Cantaloupe Jam

I’ve written before about how our garden has been overrun by four previously innocent-looking cantaloupe plants. For the past few weeks, I have been checking them for ripeness or something resembling a cantaloupe, but I haven’t noticed any of the webbing that appears on the cantaloupes I’ve seen in the grocery store.

Apparently we have a different kind of cantaloupe because as I was walking over to the garden this morning, it smelled like rotting, overripe fruit.  On close inspection, I realized that the smell was rotting, overripe fruit.  The cantaloupes were so ripe, some of them were splitting open.  Just to be sure they were ready, I picked one small one, and Julia and I ate the entire delicious thing! We then spent some time choosing which ones to pick and ended up harvesting ten cantaloupes.  We left about ten more in the garden because they are still green, but I’ll be keeping my eye on them to make sure they don’t get overripe this time.

We reached that perfect moment of the day when both kids were napping, so I decided to make a small batch of cantaloupe jam from the Food in Jars cookbook.  I’ve been raving about this book in so many posts, so suffice it to say, I LOVE THIS BOOK!  It only used one of the melons, so I’ll have to figure out what to do with the rest (sorbet! smoothies! more jam!).  I love that this was a small batch so I didn’t have to get out my heavy canning pot and spend lots of time chopping and stirring.  From start to finish, the entire process took only one hour.

Cantaloupe Jam with Vanilla

From Food in Jars: Preserving in Small Batches Year-Round, 2012, page 38.

  • 2 1/2 cups chopped peeled cantaloupe
  • 1 1/2 cups granulated sugar
  • 1 vanilla bean
  • zest of 1 lemon
  • t tablespoon lemon juice
  • 1 packet liquid pectin
  1. Prepare a boiling water bath and 3 half-pint jars.  Place the lids in a small saucepan, cover them with water, and simmer over very low heat.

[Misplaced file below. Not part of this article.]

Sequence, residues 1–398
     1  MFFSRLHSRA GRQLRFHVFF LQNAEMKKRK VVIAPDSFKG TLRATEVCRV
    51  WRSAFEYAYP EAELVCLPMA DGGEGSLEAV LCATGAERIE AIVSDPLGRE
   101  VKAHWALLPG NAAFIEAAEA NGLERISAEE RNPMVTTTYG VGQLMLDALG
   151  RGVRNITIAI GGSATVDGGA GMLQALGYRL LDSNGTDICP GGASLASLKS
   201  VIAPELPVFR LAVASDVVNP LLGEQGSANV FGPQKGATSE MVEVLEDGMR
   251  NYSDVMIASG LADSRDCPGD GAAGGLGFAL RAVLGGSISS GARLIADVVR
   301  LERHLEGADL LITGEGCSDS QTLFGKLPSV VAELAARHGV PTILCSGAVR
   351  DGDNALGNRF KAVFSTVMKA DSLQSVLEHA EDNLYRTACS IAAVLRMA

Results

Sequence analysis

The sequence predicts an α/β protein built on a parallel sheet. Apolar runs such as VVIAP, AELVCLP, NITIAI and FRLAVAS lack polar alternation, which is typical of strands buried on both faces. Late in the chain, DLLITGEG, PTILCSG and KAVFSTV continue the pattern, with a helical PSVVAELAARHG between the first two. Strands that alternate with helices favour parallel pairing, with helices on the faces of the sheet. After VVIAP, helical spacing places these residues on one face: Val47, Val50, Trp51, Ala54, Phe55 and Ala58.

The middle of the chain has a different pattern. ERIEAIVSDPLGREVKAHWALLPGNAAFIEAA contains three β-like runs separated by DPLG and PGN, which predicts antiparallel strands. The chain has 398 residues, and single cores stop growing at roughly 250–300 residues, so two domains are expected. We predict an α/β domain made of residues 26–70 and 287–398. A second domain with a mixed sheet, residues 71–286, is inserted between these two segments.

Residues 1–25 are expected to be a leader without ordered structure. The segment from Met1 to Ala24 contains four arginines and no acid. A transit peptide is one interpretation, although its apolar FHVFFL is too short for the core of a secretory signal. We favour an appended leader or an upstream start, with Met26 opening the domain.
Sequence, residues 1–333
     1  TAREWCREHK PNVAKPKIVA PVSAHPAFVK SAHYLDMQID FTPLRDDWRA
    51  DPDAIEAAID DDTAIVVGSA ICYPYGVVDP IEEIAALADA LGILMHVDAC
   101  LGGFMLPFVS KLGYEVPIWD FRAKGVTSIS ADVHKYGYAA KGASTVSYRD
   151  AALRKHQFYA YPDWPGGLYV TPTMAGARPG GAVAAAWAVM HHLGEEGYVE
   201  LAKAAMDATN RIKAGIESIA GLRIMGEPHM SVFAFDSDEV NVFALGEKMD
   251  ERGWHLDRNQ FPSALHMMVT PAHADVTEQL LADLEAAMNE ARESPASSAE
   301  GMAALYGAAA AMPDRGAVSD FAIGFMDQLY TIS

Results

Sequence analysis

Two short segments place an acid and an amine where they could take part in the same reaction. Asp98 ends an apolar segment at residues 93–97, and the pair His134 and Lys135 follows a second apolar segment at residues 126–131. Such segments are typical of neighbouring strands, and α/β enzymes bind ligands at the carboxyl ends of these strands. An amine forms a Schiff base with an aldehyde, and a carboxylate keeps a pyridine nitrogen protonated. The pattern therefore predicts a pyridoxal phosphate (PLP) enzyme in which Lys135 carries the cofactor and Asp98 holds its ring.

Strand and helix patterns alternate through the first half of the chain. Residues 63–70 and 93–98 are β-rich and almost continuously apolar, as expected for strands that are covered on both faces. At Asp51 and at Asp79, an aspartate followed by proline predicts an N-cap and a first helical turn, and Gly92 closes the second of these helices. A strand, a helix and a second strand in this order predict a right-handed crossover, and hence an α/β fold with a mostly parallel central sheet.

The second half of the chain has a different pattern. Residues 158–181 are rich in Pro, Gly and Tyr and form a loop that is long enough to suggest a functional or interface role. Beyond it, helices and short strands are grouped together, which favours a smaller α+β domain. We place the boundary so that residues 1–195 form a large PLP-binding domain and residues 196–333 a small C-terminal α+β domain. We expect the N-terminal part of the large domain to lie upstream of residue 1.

2. Combine the cantaloupe, sugar, and vanilla bean pod and seeds in a nonreactive pot.  Bring to a boil over high heat and cook for 8 to 10 minutes.
  3. Add the lemon zest, lemon juice, and the pectin. Return to a vigorous boil.  Cook for an additional 3 to 4 minutes, until the bubbles look thick.  Remove the vanilla bean pod and discard.
  4. Remove the pot from the heat and ladle the jam into the prepared jars. Wipe the rims, apply the lids and rings, and process in a boiling water bath for 10 minutes.

This turned out great, the texture is not too syrupy or too thick, and the flavor is really different.  If I was asked to identify the flavor, I wouldn’t guess cantaloupe.  The cookbook says it tastes like Creamsicle, but that’s not how mine turned out.  Maybe it tastes like pumpkin?  Hey!  Maybe these aren’t cantaloupes, and I grew pumpkins in my yard!

When Julia woke up we had a tea party, complete with cantaloupe jam and her bff Olivia. Grant missed out! Maybe next year.

This post was shared on Little House in the Suburbs DIY Linky #15.  Check out their blog for some wonderful DIY ideas!

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3 Responses to Cantaloupe Jam

  1. Pingback: Charentais Melon (or Cantaloupe) Smoothies | This Bountiful Backyard

  2. winnie ryan says:

    Thanks for the flavor description – I have a hard time imagining it and I’m preparing to make a batch, too.

  3. Kelly Howard says:

    Omg! I just made this today and its the best tasting jam ever! I did scrape the bean out when i removed it. Thank you for a wonderful recipe!

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